Diadumene franciscana is commonly known as the San Francisco anemone.
It has only been reported from the California coast and Hawaii, but is believed to have been introduced to both regions.
Its area of origin is unknown.
Diadumene franciscana was first collected in San Francisco Bay in the 1940s and has since been found from San Diego to Tomales Bay.
It is known from estuaries and sheltered waters where it grows on pilings, floats, and seagrasses.
Like other anemones, it feeds by capturing zooplankton and small epibenthic animals with its tentacles.
When extended, the column of the polyp of Diadumene franciscana is about 2x as wide.
Most specimens are less than 20 mm high and 10 mm in diameter.
This anemone has acontia, filamentous structures lined with cnidocytes (cells bearing nematocysts), arising from the median lobes of the incomplete mesenteries, which partially subdivide the gastrovascular cavity.
The acontia may protrude into the body cavity or be expelled through pores to defend themselves when disturbed or handled.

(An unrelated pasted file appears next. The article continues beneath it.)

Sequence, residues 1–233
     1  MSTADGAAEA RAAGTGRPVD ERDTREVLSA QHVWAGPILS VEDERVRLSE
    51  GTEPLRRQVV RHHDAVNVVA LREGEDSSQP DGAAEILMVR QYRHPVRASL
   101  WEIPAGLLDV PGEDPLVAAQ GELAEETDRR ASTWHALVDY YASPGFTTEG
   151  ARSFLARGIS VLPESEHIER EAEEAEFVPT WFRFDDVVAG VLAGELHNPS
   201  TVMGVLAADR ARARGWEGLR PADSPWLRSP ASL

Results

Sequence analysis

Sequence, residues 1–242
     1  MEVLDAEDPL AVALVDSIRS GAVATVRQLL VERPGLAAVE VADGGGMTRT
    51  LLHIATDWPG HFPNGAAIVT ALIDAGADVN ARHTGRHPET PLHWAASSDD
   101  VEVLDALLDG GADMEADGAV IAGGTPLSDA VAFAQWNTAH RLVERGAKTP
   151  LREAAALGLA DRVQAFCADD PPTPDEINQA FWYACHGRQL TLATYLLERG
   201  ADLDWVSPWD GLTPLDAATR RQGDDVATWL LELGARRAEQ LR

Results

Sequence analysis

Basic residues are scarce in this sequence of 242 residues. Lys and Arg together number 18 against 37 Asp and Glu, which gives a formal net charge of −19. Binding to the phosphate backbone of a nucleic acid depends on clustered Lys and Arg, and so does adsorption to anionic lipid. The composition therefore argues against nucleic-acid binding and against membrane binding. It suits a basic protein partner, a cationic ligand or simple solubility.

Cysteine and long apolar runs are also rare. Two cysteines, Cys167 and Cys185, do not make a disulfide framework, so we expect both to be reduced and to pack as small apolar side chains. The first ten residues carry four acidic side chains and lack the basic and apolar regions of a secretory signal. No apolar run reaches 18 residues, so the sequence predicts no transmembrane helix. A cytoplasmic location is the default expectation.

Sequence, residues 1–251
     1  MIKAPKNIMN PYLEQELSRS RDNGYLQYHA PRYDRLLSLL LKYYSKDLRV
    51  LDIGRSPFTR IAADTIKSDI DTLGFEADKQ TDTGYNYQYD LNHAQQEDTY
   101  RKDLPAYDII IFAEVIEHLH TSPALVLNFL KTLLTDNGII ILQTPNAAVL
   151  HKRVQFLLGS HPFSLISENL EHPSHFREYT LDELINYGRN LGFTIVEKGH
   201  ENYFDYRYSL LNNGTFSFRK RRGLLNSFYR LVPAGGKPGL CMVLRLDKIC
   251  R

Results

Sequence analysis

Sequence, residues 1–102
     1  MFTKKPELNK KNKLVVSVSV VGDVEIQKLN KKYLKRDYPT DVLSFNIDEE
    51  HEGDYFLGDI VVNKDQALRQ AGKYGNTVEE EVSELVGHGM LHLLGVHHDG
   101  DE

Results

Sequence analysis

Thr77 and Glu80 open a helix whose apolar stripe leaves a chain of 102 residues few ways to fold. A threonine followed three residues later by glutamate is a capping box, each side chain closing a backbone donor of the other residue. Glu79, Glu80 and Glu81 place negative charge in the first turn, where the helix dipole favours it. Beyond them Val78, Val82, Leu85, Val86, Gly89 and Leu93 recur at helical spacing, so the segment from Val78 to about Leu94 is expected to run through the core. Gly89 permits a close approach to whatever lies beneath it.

The anemone has fewer than 100 tentacles, and there is a substantial tentacle-free zone around the mouth.
The two tentacles (called guide tentacles) at each end of the slit-shaped mouth are closer to the mouth than the other tentacles and are yellowish in color.
The body column of Diadumene franciscana is pale green, cream or gray and translucent when extended.
It often has up to 48 double or single white stripes on the column, but is sometimes stripeless.
This anemone is transparent when expanded, but cream, gray, or light green when contracted.
It is usually marked with single or double longitudinal white stripes, but may be unmarked.
Diadumene franciscana often occurs in groups as it frequently reproduces asexually (clonal formation).
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